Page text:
We use sayings everyday that have origins deep in the past. But, most of the time we hardly stop to think about how these phrases became common use. Well, if you’ve ever wondered why we say something “raises red flags” or “tongue in cheek” then read on to find out how these old phrases came to be.
8) No quarter given
This old saying is still used a lot in modern times to mean “no mercy.” But, where did this phrase come from? Back in the old days, an army or ship would often use the phrase to mean that they took no prisoners (meaning they had no quarters for them to stay in) and would kill anyone from the opposing side that they came into contact with. The term “quarter” wasn’t used as a term for dwelling until the 14th century or so.
This type of warfare was disavowed internationally with the Hague Convention of 1907 which stated that “Prisoners of war are in the power of the hostile Government, but not of the individuals or corps who capture them. They must be humanely treated. All their personal belongings, except arms, horses, and military papers, remain their property.”
7) Raises red flags
And, an interesting fact is that the way armies (or ships) signaled to their enemies that they would give no quarter was to raise the red flags. While it wasn’t a universal symbol it was well-known. Today, we use this phrase to refer to a person or deal which does not seem quite right. But, back then the color of the flag was intended to very clearly signal blood and impending doom should one fall into their hands.
6) Busman’s holiday
The term dates back to the 1840s and the advent of the British omnibus, a horse-drawn public bus manned inside by a conductor who would obtain the passenger fares. In theory, in the service of his job he would see the sights through the windows, making a holiday touring in a bus or wagon quite the mundane task. A busman’s holiday refers to any time off spent doing something similar to one’s profession. How many times have you heard that phrase and never thought about where it comes from?
5) Elbow grease
We’ve all heard this term or uttered it ourselves, particularly when talking about getting chores done around the house. The term was first used in print in 1672 and ever since has referred to the sweat of hard work. It has been suggested that the term was in common use by the lower classes and at first was considered somewhat crude.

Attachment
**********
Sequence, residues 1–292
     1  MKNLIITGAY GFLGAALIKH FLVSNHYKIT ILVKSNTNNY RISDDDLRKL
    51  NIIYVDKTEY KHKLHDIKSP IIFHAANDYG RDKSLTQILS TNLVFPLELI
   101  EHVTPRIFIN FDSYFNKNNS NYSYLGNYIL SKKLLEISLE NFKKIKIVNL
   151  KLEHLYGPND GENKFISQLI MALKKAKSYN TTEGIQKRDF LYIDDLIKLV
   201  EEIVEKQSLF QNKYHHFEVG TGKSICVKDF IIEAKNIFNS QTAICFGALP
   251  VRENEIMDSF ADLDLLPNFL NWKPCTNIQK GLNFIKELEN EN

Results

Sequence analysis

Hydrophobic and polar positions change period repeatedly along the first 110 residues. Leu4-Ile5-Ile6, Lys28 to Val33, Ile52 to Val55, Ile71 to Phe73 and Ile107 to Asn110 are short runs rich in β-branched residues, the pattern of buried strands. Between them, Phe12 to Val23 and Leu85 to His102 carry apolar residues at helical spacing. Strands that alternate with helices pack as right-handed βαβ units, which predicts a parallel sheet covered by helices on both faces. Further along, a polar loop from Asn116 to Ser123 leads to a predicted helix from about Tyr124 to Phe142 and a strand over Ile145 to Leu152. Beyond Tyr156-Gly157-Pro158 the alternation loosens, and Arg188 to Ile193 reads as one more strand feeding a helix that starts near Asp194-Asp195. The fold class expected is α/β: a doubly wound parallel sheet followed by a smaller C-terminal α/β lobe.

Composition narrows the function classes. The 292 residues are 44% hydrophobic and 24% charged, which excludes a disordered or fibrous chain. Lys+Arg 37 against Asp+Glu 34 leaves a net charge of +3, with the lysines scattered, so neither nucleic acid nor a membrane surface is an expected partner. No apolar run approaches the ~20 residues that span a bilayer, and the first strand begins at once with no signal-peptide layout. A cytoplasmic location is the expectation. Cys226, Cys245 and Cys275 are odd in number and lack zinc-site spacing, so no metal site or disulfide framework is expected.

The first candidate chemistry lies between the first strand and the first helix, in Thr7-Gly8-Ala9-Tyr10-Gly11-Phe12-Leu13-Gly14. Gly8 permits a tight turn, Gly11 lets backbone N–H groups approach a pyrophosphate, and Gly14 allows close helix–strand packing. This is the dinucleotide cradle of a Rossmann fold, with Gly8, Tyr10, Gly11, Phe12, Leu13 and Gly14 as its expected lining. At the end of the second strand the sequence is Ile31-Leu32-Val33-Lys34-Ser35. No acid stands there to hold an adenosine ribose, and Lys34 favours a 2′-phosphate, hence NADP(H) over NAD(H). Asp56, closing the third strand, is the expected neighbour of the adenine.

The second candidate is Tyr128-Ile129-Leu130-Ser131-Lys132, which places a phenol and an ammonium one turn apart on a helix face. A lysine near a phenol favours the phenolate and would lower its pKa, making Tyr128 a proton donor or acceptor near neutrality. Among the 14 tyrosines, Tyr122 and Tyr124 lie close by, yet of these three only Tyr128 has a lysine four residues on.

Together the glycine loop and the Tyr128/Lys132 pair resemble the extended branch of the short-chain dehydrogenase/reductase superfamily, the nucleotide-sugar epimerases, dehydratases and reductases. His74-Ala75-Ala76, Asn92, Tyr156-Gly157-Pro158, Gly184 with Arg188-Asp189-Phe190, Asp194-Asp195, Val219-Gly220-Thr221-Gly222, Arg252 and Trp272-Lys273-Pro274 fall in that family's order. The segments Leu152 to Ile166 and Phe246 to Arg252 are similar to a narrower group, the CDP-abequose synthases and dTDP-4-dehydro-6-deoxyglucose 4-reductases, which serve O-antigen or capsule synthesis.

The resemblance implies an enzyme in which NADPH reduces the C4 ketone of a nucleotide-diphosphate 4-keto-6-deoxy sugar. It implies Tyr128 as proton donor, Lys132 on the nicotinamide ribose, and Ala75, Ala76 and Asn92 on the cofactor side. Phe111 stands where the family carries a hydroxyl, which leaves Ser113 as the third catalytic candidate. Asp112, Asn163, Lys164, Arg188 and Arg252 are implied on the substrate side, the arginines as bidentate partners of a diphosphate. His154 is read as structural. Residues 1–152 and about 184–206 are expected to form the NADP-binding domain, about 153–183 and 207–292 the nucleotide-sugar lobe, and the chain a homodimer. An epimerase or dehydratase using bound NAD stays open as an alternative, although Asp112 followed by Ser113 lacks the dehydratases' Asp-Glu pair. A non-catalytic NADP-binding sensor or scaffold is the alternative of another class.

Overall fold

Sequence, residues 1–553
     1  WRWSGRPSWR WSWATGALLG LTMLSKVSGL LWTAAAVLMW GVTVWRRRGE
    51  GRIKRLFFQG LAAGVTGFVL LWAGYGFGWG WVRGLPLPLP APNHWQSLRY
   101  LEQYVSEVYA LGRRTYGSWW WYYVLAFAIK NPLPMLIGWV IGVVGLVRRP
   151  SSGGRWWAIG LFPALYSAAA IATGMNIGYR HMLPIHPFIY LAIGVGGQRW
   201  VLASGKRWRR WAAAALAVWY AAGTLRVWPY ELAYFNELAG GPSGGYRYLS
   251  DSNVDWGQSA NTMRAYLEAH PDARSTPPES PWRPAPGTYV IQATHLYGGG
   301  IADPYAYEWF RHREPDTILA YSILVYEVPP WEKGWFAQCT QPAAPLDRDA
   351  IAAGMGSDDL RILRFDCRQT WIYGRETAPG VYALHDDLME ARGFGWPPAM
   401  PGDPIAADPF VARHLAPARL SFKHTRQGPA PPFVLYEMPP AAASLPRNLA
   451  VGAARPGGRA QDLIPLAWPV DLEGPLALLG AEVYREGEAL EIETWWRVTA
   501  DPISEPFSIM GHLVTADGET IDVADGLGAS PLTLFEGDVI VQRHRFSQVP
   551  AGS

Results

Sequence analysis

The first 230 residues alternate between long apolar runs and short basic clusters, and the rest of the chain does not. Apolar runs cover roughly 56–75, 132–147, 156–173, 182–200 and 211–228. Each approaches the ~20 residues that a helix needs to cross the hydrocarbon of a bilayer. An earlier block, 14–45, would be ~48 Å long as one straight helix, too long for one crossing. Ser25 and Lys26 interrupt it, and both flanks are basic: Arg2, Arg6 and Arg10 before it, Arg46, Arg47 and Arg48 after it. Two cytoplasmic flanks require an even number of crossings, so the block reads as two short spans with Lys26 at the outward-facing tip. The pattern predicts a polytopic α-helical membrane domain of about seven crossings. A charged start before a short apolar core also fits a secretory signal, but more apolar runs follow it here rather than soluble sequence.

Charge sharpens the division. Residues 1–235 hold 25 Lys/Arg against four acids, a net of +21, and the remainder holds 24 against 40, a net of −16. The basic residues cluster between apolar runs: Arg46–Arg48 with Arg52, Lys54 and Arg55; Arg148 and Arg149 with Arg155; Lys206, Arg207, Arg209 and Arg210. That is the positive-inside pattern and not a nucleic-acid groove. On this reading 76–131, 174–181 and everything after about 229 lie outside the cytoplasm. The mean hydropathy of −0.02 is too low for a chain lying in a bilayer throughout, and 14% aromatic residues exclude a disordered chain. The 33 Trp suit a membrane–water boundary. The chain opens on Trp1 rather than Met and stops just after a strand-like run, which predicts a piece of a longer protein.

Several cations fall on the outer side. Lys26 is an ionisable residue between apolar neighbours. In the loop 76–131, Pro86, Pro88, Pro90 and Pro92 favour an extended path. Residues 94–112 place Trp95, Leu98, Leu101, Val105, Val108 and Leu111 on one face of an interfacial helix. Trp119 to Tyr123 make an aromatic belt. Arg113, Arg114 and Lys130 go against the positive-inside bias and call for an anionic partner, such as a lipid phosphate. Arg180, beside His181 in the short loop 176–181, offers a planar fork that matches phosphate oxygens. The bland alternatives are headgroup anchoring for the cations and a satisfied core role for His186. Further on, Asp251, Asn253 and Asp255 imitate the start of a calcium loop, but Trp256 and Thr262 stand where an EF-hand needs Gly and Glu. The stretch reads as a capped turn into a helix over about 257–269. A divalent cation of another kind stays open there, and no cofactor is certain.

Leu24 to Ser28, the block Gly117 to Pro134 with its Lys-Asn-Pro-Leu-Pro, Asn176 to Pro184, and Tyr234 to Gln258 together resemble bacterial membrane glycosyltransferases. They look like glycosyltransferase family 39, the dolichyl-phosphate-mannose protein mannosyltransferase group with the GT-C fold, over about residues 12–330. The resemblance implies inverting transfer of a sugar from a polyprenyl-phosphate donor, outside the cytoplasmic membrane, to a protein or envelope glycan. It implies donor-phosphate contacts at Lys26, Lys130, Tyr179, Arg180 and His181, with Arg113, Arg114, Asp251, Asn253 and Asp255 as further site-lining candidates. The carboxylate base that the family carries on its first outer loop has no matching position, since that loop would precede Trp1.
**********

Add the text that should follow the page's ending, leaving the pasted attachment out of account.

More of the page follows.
4) Don’t tread on me
In the pre-Revolutionary War era the idea that the British government would send their convicts to the American colonies outraged many people. The concept was stood on its head when, in 1751, Benjamin Franklin’s Pennsylvania Gazette published an article arguing that fair play would be to send rattlesnakes to live in the gardens of the British nobility (rattlesnakes are native to the Americas).
The phrase “Don’t Tread on Me” was then adopted for anti-British causes, as the rattlesnake supposedly only strikes if provoked. The coiled rattlesnake was featured on flags for the Continental Navy and have ever since been a symbol of deep patriotic intent.
3) Forty winks
The usage of the number 40 to mean a large amount predates The Bible and was a Hebrew storytelling convention. 40 of something meant a lot of what ever it was and this convention was borrowed for use in The Bible: think 40 days and 40 nights. The first time that “40 winks” was used to mean a good nap was in the 1820s, though the number 40 to mean a lot has been used for many centuries.
The “wink” part of the phrase refers to the act of shutting one’s eyes. Thus, “40 winks” might not be a full night of sleep, but it’s enough to feel rested.
2) As easy as pie
A lot of people mistakenly think that this phrase refers to making pie, but instead refers to the eating of pie, which is considerably easier than making one. A similar phrase is “nice as pie” from the 1850s or “piece of cake” from the early 1900s.
1)Tongue in cheek
While this is a commonly-used phrase even today, few people understand that once upon a time it was considered a sign of skepticism and disrespect to hold one’s tongue in their cheek. The expression was used to bring shame or disapproval upon someone who did not meet your standards.
While the origins of the phrase in the 1820s were pretty harsh, by the middle of the 19th century the term had come to mean something that was funny or to be taken with a grain of salt.